The new Land Cruiser 300 is said to be an overlander rather than an off-roader, and this became an essential distinction when we began our driving adventure in the Western Cape – taking on an 800km trip traversing the backroads of the West Coast.
Toyota’s Land Cruiser has been the market leader for big SUVs in the past few years, but with competition from the Land Rover Defender, the Nissan Patrol, and a slew of softer SUVs from nearly every major name, the job of maintaining that share is not getting easier.
As such, South Africa received three variants of the new 300 series – the utilitarian GX-R, luxurious ZX, and luxuriously-rugged GR Sport.
The ZX and GR Sport with both engine variants – 3.3-litre, V6, twin-turbo diesel; and 3.5-litre, V6, twin-turbo petrol – were available for our overland excursion.
The updates are extensive, but for the casual observer, it might be difficult to tell that this is a completely refreshed model.
The exception is the GR Sport variant, which dials up offroad athleticism to a new level and stands out from the old Cruiser and current competition.
Smaller and more powerful
An important part of the change in the new Land Cruiser 300 is the engine.
There are no more V8s, and in their place are twin-turbo units that are lighter and more compact, efficient, and powerful.
Mated to a new 10-speed automatic box, the goal is efficiency – as loosely as that “goal” can be for a 2.5-tonne SUV.
The claimed fuel consumption figures and real-world figures will take quite a bit of work to match, but as expected, the diesel units do get close to the claimed figure of 8.9l/100km – at around 10l/100km.
The petrol was at least 20% higher than the claimed 12.1l/100km on our route.
The more things stayed the same, the more they changed
Land Cruiser drivers will appreciate that much of the Land Cruiser 300 stayed true to the outgoing 200-series.
It is roughly the same size, being based on the same ladder-frame chassis, independent front suspension, and a continuous axle with longitudinal bars out back.
But despite these similarities, every component has been rethought.
The track is widened and the engine is placed further back and lower in the engine bay, resulting in a vehicle that is far easier to drive and less “top heavy” at highway speeds.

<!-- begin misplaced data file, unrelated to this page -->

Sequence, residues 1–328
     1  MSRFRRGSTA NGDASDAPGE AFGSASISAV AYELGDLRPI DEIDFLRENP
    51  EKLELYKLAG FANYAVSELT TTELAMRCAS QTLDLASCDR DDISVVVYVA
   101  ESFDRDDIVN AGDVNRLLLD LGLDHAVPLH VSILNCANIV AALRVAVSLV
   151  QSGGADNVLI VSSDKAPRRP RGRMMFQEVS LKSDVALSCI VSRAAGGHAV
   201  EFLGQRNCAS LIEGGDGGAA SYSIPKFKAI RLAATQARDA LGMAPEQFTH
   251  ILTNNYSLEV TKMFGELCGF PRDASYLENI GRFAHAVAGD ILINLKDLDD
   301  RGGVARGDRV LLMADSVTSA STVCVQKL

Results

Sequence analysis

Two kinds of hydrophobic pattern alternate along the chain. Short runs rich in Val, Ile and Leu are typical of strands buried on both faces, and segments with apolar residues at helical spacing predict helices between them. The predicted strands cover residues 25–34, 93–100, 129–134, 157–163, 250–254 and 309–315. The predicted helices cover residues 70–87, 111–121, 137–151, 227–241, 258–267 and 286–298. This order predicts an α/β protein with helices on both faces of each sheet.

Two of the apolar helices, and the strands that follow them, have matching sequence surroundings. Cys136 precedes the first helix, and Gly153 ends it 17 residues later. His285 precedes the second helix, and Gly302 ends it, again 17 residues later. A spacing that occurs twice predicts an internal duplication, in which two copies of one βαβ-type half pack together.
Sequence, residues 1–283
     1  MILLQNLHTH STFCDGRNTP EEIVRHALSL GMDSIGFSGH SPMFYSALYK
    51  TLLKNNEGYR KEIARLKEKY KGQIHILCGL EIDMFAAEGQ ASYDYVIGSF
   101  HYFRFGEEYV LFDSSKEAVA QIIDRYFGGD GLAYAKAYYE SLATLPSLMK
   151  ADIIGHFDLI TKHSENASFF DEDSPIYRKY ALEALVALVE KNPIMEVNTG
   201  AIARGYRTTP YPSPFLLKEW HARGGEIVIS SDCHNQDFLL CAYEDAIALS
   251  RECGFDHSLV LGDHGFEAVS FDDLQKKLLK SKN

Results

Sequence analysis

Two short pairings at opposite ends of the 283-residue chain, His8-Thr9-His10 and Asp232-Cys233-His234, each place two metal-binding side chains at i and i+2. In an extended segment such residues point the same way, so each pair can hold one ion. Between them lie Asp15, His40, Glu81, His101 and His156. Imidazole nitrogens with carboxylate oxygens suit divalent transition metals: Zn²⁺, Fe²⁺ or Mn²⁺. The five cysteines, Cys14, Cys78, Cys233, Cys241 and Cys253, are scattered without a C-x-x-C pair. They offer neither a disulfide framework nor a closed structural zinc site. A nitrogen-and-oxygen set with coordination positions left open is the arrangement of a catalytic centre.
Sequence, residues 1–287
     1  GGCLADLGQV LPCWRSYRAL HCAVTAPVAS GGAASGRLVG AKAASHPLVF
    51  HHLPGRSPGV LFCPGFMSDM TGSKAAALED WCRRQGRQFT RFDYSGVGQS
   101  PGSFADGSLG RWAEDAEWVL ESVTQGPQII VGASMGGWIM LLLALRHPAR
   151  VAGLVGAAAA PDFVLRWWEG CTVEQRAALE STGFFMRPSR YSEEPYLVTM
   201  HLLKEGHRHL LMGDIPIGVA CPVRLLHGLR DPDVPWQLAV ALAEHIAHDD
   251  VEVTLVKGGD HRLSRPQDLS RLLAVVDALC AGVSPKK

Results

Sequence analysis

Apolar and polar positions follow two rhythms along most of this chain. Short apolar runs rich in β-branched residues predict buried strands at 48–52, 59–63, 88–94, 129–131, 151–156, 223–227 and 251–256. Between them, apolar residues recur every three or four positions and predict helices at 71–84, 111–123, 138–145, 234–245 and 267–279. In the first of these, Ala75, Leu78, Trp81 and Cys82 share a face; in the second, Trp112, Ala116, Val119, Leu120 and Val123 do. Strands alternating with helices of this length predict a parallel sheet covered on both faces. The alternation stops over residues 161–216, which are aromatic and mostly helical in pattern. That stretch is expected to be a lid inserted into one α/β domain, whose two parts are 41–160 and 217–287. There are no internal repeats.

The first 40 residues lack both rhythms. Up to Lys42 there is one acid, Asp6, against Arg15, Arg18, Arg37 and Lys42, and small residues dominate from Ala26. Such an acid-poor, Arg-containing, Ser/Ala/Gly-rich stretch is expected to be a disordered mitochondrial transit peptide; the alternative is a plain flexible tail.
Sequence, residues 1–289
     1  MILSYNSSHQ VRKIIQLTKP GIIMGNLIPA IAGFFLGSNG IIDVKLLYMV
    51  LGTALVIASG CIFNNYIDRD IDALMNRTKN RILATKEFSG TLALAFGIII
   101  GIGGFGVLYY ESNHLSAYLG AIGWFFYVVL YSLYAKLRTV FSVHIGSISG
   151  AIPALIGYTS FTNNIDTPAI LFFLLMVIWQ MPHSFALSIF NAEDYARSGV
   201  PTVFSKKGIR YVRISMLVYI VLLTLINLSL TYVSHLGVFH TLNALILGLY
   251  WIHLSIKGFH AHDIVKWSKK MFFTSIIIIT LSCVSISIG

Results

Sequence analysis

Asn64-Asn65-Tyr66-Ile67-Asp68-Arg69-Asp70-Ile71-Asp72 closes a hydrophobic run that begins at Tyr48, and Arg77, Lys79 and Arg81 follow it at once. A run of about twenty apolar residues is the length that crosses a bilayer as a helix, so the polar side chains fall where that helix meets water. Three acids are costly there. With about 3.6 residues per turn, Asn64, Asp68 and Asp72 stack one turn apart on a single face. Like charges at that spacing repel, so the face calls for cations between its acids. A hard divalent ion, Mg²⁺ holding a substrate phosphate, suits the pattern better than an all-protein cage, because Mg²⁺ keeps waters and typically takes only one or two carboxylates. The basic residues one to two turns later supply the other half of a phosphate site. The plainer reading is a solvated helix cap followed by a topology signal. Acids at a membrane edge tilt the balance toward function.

The ride and steering character, I found, are then largely dependent on the model selected.
The ZX, which is styled more like a luxurious boulevard cruiser, feels a little less urgent, while the GR Sport has a more sporty character which in part is also due to its unique Electronic Kinetic Dynamic Suspension System (E-KDSS).
On flat ground, both the ZX and GR Sport provide an admirable ride, tracking true and soaking up any imperfections.
The fact that Toyota has managed to achieve a ride so luxurious and compliant across various surfaces without using expensive air suspension is a feat of engineering.
The GR Sport takes it a step further, though, with the E-KDSS system.
These active anti-roll bars improve wheel articulation off-road by being able to independently unlock the stabilizer bars.
They also hold the key to the GR Sport’s superior on-road manners, which is achieved by locking the roll-bars together for enhanced stability and reduced body roll.
I was fortunate enough to enjoy the GR Sport on a 40km stretch of road, including the Van Rhyns Pass, and can say that the breadth of capability provided by this variant is worth the extra asking price.
Comfort and Sport modes are a matter of turning a dial and in the GR Sport’s case, it results in sharper throttle response, greater stability, firmer steering, and tauter handling that can be immediately felt.
Shortly after I swapped into a ZX for the last 90km of dirt, a twist of the drive mode dial to comfort meant that at times I forgot I was on a road that would have rattled my teeth loose had I been in my normal city-slicker SUV.
I was then reminded that what we had tackled in the first 400km was overlanding – a long distance over a mix of roads – and both the ZX and GR Sport handled this with ease.
That’s not to say 4×4-ing is off the table in the 300.
To prove a point, the team from Toyota set out a challenging course for the GR Sport to tackle. This included proper off-road scenarios of large rocks, water wading, and pronounced ruts.
Some claimed it to be one of the most challenging routes they’d tackled, and not a single car returned with missing bodywork – which is a testament to the prowess of the Land Cruiser on multiple terrains.
I would not want to try that course in the ZX, though, which would have surely resulted in a costly scrape on the shiny alloy wheel or front apron – due to the reduced approach angle of 24 degrees.
This is compared to the 32 degrees on the GR Sport.
The last half of the trip was tackled again in the GR Sport diesel, which I was grateful for.
It’s undoubtedly the pick of the range for those who enjoy their large SUV to have some form of driving dynamics and good looks.
I liked the petrol engine, too, but the extra torque from the diesel is noticeable and pulls the heavy beast a whole lot better.
At cruising speed, the refinement of petrol versus diesel engines is imperceptible, however.
It took 14 years for the 200 series to be replaced, but the car that replaces it is undoubtedly a worthy successor.
It continues to deliver on the promise of not only being able to get its passengers to some far-flung corner of the planet, but also back again.
I also can’t help but feel that the competition with all their fancy electronics and large touch screens might not be able to do the same.